Here’s all you need to know about Republicans and back taxes: If Hunter Biden is behind on his taxes, it’s the worst crime in the world and worthy of a congressional probe spanning three House committees. If anyone else is dodging their taxes, that’s just smart.
Getting millionaires and billionaires to actually pony up what they owe requires the IRS to wade through pages of documentation created by the best tax-dodging attorneys on earth. This requires funding, so the Inflation Reduction Act added nearly $80 billion to IRS budgets over the next decade specifically so they could focus more attention on those who are taking home over $400,000. Republicans have done their best to raise the hysteria level, with Sen. Chuck Grassley going on Fox News to say, “Are they going to have a strike force that goes in with AK-15s already loaded, ready to shoot some small-business person in Iowa with these?”
Now we know why Republicans were really so frightened. On Friday, the IRS announced a “sweeping effort” to improve tax fairness. And that effort starts with going after the wealthiest tax-dodgers in the nation.
The IRS is prioritizing what it calls “cases in the High Wealth, High Balance Due Taxpayer Field.” These are taxpayers with incomes over $1 million who owe more than $250,000 in back taxes. The IRS estimates that there are about 1,600 individuals in this category.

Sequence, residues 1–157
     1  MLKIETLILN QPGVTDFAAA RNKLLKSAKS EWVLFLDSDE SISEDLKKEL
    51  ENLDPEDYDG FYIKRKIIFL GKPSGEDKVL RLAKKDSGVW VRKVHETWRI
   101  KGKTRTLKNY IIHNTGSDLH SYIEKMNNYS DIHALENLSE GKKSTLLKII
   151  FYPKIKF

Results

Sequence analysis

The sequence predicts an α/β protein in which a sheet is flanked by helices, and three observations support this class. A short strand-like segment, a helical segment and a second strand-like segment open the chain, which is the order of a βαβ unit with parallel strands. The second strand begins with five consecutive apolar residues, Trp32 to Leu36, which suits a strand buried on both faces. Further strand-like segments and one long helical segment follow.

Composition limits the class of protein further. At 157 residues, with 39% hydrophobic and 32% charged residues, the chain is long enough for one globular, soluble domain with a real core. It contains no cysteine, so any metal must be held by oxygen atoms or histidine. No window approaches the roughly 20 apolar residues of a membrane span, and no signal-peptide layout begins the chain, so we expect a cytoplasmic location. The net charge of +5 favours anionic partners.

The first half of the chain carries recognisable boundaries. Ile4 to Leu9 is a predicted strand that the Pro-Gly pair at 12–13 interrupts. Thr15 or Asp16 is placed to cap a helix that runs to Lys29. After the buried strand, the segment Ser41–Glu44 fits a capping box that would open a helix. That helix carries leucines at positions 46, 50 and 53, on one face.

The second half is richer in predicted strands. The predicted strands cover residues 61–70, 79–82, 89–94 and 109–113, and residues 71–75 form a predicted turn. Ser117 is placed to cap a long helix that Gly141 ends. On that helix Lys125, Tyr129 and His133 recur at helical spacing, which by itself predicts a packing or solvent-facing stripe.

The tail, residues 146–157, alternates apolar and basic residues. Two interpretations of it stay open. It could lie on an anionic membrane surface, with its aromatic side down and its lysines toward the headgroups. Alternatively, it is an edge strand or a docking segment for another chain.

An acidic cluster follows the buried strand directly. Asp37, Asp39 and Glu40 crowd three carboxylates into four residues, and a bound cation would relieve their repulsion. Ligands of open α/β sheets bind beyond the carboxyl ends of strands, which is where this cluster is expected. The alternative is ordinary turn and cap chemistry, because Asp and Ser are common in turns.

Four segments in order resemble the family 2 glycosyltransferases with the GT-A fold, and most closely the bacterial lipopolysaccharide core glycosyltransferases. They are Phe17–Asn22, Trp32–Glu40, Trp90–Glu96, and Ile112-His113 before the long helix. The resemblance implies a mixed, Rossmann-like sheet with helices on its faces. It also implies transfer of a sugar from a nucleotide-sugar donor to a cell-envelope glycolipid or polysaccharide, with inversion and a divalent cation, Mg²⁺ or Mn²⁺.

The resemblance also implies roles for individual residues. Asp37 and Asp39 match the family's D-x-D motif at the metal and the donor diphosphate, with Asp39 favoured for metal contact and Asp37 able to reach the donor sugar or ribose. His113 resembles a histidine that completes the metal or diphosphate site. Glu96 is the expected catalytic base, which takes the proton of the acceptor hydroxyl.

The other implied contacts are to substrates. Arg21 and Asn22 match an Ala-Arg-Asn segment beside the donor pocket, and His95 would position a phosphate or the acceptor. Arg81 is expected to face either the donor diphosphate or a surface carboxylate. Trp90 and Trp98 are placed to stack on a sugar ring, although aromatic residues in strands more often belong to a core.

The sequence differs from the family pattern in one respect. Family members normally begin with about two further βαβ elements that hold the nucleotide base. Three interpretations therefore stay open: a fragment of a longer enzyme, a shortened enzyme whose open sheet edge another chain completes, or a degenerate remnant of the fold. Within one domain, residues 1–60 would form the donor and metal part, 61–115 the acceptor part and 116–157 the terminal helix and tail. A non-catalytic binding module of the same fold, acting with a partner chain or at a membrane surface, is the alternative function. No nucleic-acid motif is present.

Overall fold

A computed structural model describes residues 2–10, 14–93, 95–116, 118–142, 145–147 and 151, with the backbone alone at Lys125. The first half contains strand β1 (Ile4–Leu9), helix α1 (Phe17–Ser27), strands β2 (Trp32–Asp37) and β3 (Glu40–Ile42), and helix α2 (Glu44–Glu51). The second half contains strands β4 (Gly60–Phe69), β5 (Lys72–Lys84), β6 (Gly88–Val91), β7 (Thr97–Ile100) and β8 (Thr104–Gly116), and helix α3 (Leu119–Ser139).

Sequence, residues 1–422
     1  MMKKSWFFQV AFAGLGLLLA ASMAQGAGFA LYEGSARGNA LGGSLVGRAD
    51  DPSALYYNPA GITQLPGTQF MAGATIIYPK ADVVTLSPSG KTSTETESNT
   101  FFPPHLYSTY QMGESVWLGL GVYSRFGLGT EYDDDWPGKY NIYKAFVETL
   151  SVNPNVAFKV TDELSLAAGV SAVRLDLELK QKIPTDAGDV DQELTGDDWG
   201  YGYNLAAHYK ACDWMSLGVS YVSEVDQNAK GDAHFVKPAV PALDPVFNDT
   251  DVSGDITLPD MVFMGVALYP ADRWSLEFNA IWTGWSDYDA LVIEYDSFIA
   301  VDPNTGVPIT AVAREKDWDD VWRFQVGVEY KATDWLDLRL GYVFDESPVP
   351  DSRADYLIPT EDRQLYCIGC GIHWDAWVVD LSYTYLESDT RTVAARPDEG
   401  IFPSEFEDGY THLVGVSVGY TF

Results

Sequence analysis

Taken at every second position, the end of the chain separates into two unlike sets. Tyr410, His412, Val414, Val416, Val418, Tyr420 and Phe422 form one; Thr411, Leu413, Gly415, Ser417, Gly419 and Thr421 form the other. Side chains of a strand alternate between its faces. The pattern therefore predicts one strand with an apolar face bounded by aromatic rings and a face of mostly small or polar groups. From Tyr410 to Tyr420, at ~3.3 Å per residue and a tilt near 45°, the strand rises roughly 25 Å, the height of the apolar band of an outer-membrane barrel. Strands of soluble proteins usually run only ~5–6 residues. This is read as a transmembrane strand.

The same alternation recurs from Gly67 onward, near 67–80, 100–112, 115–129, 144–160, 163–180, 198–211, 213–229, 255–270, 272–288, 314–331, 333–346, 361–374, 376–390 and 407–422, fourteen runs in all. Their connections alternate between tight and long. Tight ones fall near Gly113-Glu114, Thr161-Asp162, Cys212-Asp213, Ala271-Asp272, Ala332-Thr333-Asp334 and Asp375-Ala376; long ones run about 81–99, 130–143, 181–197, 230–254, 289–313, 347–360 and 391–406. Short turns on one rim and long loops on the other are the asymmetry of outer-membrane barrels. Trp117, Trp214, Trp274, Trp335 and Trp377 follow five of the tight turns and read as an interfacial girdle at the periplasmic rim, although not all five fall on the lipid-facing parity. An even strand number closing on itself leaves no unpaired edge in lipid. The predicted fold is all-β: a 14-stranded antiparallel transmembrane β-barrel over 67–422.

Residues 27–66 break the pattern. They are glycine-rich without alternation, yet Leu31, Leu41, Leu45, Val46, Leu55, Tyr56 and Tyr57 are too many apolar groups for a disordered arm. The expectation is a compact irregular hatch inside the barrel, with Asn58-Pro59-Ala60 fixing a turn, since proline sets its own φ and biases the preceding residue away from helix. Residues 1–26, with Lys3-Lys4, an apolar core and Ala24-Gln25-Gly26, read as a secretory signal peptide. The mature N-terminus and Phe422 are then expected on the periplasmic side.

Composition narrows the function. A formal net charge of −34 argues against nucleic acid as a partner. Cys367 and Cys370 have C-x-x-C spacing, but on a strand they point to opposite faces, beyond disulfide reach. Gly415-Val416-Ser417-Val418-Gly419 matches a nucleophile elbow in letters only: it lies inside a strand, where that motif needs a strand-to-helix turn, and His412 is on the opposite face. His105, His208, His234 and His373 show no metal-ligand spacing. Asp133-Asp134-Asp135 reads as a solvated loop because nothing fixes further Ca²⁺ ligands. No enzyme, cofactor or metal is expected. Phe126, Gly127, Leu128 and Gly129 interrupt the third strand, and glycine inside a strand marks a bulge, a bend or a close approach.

There are other categories of taxpayers who will also be coming in for scrutiny:
Construction contractors who pay multiple subcontractors.
High-income earners who use foreign bank accounts.
Large transactions using digital currency.
Notice that none of these looks like the average taxpayer, or like that “small business person” who Grassley thinks they’ll be coming after with AK-15s. It’s also worth noting that these new funds are paying for accountants, who rarely do their math using semi-automatic rifles.
There’s a good reason that the IRS is checking up on these groups: Because they cheat. A lot.
The IRS says they’ve found a lot of contractors creating shell companies so they can pretend to be paying subcontractors while secretly funneling the money back to themselves. Those people with overseas bank accounts have a real habit of hiding income. And previous audits of those who depend heavily on digital transactions have found a potential 75% noncompliance rate.
So the IRS is coming after rich people who are known to be behind in their taxes, and groups who are going out of their way with shell companies, foreign accounts, and digital currency to hide their real income. All of which sounds … pretty darn reasonable.
And it certainly raises a question: Why are Republicans so anxious to stop these audits?